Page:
Survey: Consulting work enables CFOs to stay active

They may be ready to hand over the keys to the company car, but chief financial officers (CFOs) aren’t ready to hit the golf course full time.
For this segment of the workforce, a career in consulting holds some appeal, suggests a Robert Half Management Resources survey.
More than one in four (26 percent) CFOs surveyed said the security of remaining actively employed was the No. 1 reason they would consider consulting. This top response was followed by flexible schedules (21 percent) and the variety and challenge of consulting work (20 percent).
CFOs were asked, “Which of the following is the most attractive aspect of a career in consulting?” Their responses:
  • Active employment – 26%
  • Flexible schedule – 21%
  • Variety and challenge of work – 20%
  • Attractive compensation – 18%
  • Ability to make decisions more autonomously – 10%
  • All of the above – 2%
  • None of the above – 2%
  • Don’t know/no answer – 1%
“The leadership experience and extensive business knowledge CFOs possess can make them high-demand consultants, particularly for start-ups or newly listed companies seeking guidance,” said Paul McDonald, executive director of Robert Half Management Resources.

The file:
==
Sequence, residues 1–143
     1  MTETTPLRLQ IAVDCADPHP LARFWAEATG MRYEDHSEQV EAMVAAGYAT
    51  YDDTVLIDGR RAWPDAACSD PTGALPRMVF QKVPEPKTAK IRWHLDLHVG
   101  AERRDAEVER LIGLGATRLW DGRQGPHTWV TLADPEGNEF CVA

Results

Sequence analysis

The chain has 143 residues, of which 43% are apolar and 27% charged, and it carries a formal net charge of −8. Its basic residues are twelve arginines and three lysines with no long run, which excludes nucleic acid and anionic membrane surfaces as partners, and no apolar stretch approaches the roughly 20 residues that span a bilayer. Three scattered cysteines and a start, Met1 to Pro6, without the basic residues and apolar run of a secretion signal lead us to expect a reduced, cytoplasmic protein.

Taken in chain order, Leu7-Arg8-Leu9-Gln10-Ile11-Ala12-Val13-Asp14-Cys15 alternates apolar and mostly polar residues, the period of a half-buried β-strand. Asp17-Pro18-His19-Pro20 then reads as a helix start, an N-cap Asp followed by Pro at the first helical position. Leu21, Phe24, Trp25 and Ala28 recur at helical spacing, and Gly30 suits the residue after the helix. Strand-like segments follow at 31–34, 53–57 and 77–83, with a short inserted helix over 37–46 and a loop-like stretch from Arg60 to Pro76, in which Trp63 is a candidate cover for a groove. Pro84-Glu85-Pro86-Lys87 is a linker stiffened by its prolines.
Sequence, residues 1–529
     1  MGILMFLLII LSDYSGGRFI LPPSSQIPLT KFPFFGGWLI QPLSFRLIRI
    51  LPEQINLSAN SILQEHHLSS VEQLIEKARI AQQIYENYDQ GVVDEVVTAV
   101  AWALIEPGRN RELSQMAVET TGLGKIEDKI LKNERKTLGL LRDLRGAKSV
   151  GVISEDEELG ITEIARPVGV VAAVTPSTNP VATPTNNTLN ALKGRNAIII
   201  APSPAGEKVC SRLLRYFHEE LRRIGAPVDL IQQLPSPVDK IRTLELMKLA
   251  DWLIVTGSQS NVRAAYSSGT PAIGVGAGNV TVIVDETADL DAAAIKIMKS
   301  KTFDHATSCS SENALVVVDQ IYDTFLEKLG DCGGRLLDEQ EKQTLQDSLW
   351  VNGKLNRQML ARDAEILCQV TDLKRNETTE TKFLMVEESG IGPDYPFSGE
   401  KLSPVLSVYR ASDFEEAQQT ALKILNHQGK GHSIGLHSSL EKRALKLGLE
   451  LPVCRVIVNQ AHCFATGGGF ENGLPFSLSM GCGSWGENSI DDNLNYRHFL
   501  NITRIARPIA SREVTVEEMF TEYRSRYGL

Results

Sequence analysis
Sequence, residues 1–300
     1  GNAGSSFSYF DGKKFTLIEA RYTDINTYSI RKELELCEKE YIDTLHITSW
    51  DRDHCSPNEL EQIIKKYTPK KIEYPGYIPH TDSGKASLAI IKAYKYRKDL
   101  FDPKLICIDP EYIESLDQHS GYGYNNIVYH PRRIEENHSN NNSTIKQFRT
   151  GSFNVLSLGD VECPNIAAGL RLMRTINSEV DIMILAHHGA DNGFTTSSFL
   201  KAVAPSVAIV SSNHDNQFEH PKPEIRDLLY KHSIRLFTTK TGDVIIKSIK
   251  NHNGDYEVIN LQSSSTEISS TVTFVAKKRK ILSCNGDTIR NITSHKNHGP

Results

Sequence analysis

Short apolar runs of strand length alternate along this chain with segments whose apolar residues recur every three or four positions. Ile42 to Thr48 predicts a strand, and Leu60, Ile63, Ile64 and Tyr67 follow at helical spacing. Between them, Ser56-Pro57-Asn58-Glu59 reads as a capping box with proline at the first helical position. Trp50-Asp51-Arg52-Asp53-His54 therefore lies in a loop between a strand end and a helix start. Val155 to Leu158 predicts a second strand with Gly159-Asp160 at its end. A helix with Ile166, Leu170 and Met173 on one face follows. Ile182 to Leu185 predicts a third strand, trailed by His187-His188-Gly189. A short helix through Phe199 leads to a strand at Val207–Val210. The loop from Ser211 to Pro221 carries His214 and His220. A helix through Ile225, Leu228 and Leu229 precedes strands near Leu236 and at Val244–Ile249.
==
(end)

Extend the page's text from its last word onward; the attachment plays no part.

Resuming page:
“As organizations continue to look for ways to increase efficiencies and many resume projects put on hold during leaner times, they are finding it cost-effective to engage tenured accounting and finance executives on a project basis,” McDonald said.
The survey was developed by Robert Half Management Resources, a provider of senior-level accounting and finance professionals on a project and interim basis. It was conducted by an independent research firm and includes responses from 1,400 CFOs from a stratified random sample of U.S. companies with 20 or more employees.
“Consulting enables experienced professionals to maintain many of the benefits of working full time, including challenging assignments, attractive compensation, and intellectual stimulation – but with the added advantage of greater flexibility,” McDonald said.
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